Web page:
The final piece chosen for this exhibition, Homeland is ... (2016), was meant to be performed on 24 February by its author, Asma Ghanem, but the performance did not take place. The work would have consisted of an experimental live sound and music performance for which Ghanem was awarded third prize. Sharing Ruba Salameh's disillusionment with the stagnation of the Oslo Accords process, Ghanem was to render audible the insufferable opposition between sounds of inertia (relating to the stalled process of nation building) and those of occupation (military din). The artist's absence from the exhibition reflected another fact: that the exhibition's Ramallah edition was much larger and more diverse, with three additional artists (Aya Kirresh, Abdallah Awwad and Majdal Nateel) working in large-scale sculpture and sculptural installation work.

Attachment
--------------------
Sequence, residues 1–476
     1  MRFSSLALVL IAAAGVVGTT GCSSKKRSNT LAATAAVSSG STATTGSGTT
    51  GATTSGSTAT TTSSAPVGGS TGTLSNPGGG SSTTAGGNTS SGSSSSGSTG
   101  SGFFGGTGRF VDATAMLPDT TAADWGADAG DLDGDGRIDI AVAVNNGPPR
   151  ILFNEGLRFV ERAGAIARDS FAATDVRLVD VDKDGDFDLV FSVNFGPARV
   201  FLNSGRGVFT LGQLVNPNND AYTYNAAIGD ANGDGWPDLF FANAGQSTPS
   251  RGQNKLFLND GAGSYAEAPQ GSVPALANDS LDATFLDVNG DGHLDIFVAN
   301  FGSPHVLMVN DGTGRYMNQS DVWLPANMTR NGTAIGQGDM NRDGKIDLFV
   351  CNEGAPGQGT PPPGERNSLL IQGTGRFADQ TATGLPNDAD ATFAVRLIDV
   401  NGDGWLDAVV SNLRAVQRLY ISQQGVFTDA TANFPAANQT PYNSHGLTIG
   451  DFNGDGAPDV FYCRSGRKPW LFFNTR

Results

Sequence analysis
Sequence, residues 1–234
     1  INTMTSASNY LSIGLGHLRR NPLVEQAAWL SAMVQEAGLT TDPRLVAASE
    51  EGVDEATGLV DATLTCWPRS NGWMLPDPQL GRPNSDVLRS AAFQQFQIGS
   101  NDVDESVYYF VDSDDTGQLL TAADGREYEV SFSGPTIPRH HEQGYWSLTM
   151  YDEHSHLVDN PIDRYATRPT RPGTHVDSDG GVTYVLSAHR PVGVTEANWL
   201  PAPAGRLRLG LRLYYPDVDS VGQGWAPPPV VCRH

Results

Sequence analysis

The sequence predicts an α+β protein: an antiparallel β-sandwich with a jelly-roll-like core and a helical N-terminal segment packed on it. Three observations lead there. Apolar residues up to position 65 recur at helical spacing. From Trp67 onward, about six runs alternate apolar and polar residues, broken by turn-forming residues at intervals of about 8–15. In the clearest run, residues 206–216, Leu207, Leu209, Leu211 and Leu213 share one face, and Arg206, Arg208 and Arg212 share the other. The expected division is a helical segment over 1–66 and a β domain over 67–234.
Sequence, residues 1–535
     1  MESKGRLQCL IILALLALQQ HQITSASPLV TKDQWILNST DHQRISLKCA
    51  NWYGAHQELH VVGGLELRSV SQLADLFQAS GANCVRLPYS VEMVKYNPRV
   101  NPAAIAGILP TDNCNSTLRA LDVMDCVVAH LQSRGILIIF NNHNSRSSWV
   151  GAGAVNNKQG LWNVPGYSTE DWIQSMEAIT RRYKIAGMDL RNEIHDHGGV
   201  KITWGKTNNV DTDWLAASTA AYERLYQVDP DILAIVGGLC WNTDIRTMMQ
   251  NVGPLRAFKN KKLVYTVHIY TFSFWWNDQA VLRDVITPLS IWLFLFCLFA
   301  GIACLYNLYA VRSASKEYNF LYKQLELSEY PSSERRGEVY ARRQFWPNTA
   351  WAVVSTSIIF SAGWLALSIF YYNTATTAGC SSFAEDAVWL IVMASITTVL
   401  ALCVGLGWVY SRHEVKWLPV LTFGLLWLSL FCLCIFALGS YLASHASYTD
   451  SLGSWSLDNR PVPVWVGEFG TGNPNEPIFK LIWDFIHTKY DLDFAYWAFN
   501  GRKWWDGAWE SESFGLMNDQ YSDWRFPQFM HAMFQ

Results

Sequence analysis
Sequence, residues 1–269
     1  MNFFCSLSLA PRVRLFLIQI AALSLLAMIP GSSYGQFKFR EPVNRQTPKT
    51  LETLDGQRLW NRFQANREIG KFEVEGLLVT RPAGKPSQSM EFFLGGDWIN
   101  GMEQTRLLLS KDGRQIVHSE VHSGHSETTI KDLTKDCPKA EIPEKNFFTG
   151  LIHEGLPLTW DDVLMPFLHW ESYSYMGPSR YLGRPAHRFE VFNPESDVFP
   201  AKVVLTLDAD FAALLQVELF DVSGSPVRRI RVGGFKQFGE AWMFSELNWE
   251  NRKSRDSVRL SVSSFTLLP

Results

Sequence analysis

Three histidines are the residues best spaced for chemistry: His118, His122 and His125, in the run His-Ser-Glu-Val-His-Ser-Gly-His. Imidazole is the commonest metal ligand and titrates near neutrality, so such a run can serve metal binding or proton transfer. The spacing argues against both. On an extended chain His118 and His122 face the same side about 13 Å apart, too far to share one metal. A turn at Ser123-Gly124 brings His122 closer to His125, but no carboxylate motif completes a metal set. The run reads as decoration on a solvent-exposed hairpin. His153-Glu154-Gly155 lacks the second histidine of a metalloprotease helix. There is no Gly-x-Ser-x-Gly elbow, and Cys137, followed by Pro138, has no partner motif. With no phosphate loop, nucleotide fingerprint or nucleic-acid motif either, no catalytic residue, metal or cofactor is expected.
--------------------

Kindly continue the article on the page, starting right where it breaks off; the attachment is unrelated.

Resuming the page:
It is difficult to write about Palestine without using words like dispossession, displacement, demolition, drones and discrimination. Yet others—strength, resilience, and optimism—seem, in the context of YAYA 2016, much more appropriate. The A.M Qattan Foundation's Culture and Arts Programme Director, Mahmoud Abu Hashhash asserts: 'We have a strong belief that vibrant, inspiring and ongoing cultural work will open new windows and doors through which to look towards the future.' Indeed, the very fact that so many young artists are making work in such challenging circumstances must surely constitute a message of hope in and of itself. Whilst rooted in each artist's individual experience of Palestine, a place where geographies, histories and identities are fragmented, the six works on display reveal preoccupations of universal significance. The relationship between politics and aesthetics, and issues surrounding identity and forced migration are themes that resonate with us all in today's polarised, post-truth, Trumpian world. —[O]